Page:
While my observations are neither incisive nor original in isolation, they do establish that poetry, as a written text, is inherently visual and incorporates within its tradition a stylised spatial relationship to the page. This relationship varies from poem to poem (and from poetic discourse to discourse) but nonetheless functions across most of the cultural reference points by which we can confirm a poem to be a poem. One exception to this rule might be the prose poem. Referring to Paul Hoover’s A Norton Anthology of Post-Modern American Poetry, Huisman argues that the ‘attempt to “redefine the unit of attention” from line to sentence is an attempt to shift attention from the graphic realisation of the poetic substance to the grammatical structure, independent of the material realisation as spoken or written.’[5] Instead of the line, its basic units, like prose, are the sentence and the paragraph. I would contend that there is still an element of visual definition to a prose poem; just as a short story is visually (and materially) delineated from a novel in terms of its length and appearance within a book or journal, so a prose poem, concise and self-contained, is presented differently to other forms of prose – with the possible exception of the emerging field of micro fiction .[6]

While much poetry has a certain regularity to its appearance (ie regular stanza and line-length), Marjorie Perloff points out the increasingly wide-spread practice of non-linear poetry in which the deployment of the line (and by extension stanza) is no longer dictated by – and in fact rebels against – the integrity of the semantic or grammatical unit and the referential symbol.[7] Such poetry reflects, in the twentieth century especially, increasingly experimental attitudes with regards to the spatial relationship of poetic text to the page.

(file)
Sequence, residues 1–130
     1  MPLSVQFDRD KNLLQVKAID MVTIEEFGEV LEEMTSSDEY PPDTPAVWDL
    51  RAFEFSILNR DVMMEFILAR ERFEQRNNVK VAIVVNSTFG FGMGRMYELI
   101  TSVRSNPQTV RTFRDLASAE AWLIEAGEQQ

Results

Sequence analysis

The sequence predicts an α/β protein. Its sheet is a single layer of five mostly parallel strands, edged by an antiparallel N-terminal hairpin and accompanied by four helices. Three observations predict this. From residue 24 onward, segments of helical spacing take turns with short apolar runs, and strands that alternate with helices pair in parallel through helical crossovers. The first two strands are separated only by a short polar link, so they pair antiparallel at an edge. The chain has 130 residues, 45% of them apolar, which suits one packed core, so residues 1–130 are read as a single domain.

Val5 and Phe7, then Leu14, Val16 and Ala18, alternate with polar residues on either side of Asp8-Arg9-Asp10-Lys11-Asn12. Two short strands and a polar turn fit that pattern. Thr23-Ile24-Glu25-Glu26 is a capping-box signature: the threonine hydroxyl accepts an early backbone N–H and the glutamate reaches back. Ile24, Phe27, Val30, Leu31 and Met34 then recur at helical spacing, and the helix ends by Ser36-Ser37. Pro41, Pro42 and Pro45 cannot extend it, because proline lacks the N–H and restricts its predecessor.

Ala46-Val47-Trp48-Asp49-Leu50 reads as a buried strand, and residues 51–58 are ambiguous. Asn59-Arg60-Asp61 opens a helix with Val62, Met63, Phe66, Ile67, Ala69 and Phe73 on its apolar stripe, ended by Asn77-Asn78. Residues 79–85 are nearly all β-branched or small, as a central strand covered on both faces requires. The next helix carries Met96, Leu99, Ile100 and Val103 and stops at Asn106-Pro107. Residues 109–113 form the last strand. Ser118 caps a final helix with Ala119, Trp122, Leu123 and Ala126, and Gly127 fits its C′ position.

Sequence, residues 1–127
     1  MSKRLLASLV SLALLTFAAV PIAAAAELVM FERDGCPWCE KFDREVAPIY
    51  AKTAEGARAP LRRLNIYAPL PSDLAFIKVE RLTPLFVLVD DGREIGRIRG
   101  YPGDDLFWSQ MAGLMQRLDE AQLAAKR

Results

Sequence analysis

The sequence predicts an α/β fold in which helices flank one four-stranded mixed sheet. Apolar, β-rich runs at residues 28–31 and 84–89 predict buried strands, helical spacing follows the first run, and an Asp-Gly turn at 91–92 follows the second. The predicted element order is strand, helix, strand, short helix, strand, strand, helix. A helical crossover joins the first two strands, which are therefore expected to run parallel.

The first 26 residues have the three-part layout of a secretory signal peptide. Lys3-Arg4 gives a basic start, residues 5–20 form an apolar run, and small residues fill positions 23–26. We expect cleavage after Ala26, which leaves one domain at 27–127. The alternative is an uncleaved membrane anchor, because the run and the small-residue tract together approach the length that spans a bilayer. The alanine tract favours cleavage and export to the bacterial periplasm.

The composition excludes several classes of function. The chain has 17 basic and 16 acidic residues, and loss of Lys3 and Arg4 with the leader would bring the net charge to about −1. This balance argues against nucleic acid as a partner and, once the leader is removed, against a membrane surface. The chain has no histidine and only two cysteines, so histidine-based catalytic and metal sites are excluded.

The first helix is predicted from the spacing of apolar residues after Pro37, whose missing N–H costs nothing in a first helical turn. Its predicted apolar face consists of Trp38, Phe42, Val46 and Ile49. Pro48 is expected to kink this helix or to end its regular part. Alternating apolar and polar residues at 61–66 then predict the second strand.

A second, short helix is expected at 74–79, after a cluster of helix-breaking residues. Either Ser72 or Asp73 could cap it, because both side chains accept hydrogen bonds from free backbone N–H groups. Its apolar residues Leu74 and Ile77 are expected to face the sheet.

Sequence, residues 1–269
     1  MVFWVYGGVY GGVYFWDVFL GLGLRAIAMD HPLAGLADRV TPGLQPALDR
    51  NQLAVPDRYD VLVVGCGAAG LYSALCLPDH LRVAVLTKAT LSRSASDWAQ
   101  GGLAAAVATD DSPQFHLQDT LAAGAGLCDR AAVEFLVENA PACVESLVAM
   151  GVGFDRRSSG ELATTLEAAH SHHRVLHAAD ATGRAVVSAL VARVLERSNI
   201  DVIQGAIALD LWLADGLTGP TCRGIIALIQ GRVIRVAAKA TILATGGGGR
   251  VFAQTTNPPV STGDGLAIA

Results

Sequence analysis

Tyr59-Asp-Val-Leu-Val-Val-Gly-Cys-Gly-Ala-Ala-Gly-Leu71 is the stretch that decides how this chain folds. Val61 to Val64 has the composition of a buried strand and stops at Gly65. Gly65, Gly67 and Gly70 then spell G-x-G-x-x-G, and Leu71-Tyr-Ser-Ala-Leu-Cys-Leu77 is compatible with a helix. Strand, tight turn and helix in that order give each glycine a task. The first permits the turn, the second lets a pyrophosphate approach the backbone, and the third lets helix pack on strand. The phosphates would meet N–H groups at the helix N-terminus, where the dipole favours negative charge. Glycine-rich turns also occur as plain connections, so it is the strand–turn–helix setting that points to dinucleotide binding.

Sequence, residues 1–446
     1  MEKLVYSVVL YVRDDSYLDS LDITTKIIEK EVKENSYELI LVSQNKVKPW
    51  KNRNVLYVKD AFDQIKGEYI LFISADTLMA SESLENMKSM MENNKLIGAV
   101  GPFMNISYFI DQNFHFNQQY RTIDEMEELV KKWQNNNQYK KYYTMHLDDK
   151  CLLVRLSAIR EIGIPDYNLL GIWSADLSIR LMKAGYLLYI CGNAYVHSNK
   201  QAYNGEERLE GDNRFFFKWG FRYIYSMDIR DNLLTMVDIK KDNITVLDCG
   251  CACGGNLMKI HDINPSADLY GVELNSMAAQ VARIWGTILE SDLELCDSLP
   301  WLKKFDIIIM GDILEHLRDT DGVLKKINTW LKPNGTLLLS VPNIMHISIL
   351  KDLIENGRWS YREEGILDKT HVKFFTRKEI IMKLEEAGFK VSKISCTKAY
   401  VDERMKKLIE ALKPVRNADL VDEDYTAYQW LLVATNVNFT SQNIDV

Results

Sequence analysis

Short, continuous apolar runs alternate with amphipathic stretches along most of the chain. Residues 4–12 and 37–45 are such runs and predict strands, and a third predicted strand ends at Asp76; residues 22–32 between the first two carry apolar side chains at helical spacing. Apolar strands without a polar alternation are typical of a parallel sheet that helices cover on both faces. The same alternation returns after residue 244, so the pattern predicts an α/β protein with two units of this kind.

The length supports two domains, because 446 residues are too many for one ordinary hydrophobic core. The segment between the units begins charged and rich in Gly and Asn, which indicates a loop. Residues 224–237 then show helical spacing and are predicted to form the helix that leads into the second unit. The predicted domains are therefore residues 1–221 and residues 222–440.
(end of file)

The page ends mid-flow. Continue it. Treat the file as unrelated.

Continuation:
Written, visual: poetry on and off the page

The most seminal examples can be found in works such as Mallarme’s Un Coup de Dès, which obliterates the stanzaic structure of the poem, sowing words and text-fragments in free flow across the white space of the page. Meanwhile, against the backdrop of a looming World War I, the Italian Futurist poets expounded an asymmetrical, highly kinetic and visually onomatopoeic[8] typographical approach that embodied their revolutionary ideology and intense anti-lyricism – an example in which material basis is embodied through material expression, not stripped away.[9] Delving further back into Western literary tradition we discern exponents of visual poetic traditions such as William Blake, William Morris or the Renaissance’s emblem poems. William Bohn traces visual poetry back to the technopaigneia and carmina figurata of the Greeks and Romans respectively – early concrete poems composed ‘in the shape of wings, altars, eggs, axes and panpipes.’ [10]

If we move across cultures, we find visual and spatial qualities omnipresent in the haiku and zen traditions of Japan, and the classic Chinese poetry of the Tang and Song dynasties. These were inscribed in highly individualised calligraphy, generally on scrolls and often with accompanying ink-paintings; they were prepared for public display rather than private reading while their highly stylised forms (lines of five characters for example in the case of some classic Tang poetry) were inherently visual. In the Islamic world, where pictorial representation of the Qur’an’s contents has always been considered blasphemous, experiments with various book forms led to ornate calligraphy, decorative typography and some of the most astounding book-art ever seen.[11] It is also worth briefly noting the tradition of prose which experimented with the conventions of literary structure through alternative material expression: James Joyce, e.e. cummings and Laurence Stern, for example.

03-quran

[Image: Qur’an manuscript in Arabic on polished paper, Kashmir, 18th c., 339 ff., 22x14 cm, single column, (15x9 cm) from The Schøyen Collection]